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new toyota yaris focuses on hybrid power

John_McIlroy@dennis.co.uk ● Improved dynamics and a switch to lithium-ion battery ● Shorter than outgoing model but with a longer wheelbase THIS is the all-new Toyota Yaris, which will try to capitalise on wider recognition for hybrid power when it lands in British showrooms next summer. The Japanese company’s new rival for the Ford Fiesta and Vauxhall Corsa is the fourth generation of a model that has sold four million examples since it was first introduced in 2000. The Yaris switches to a newly adapted version of the same Toyota New Generation Architecture that underpins the latest Corolla, RAV4 and C-HR. Called GA-B, the new Yaris’s chassis gets extra strengthening in a bid to improve the steering response. The rack itself is quicker, and the car’s electric power steering has a more powerful pump. Meanwhile, suspension…

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toyota: “hardcore yaris is also on the way”

TOYOTA is working on multiple performance versions of the new Yaris to give the car broader links with the company’s World Rally Championship effort. The outgoing model’s £26k hardcore GRMN limited edition was aimed at enthusiasts, and the poorly received GR Sport gave the Yaris Hybrid a sportier look. Toyota Europe executive vice-president Matt Harrison (shown above) revealed to Auto Express that the company had to work harder to show links between its rally effort and cars that appeal to enthusiasts. “With the GRMN, we tried to establish more of a link to the rallying,” Harrison said. “You won’t have to wait too long for our thoughts for Gazoo. It’ll be in the next few months. But we need to build a stronger connection between success on the track and the road cars.”…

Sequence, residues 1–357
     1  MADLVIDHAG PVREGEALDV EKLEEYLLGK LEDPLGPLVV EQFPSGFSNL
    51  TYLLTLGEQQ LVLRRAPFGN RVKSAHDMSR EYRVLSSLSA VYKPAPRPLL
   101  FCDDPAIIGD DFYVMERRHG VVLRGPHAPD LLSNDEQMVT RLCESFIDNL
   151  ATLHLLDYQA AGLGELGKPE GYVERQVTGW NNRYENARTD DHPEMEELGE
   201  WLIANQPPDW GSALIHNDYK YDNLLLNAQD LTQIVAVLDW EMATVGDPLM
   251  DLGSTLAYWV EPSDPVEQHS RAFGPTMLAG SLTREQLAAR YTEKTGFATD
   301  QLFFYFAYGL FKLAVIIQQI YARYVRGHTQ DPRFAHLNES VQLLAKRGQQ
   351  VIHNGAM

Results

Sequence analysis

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handsome hydrogen-powered mirai revealed

TOYOTA has released images of the second-generation, hydrogen-powered Mirai Concept, ahead of its official debut at this year’s Tokyo Motor Show. The concept is based on a platform which is shared with the Japan-only Toyota Crown executive saloon, and the Mirai has grown in size over the current model. It’s 85mm longer, at 4,975mm, while the wheelbase has increased by 140mm to 2,920mm. But its the radical new looks that really set the Mirai apart; the long, low body and cab-rearward design replaces the slightly frumpy look of today’s model. This concept also features a wide front grille, a large chin spoiler, a deep rear diffuser and new 20-inch alloy wheels. Full technical details of the second-generation Mirai’s hydrogen-electric drivetrain are yet to be announced, but Toyota has confirmed it will boast a…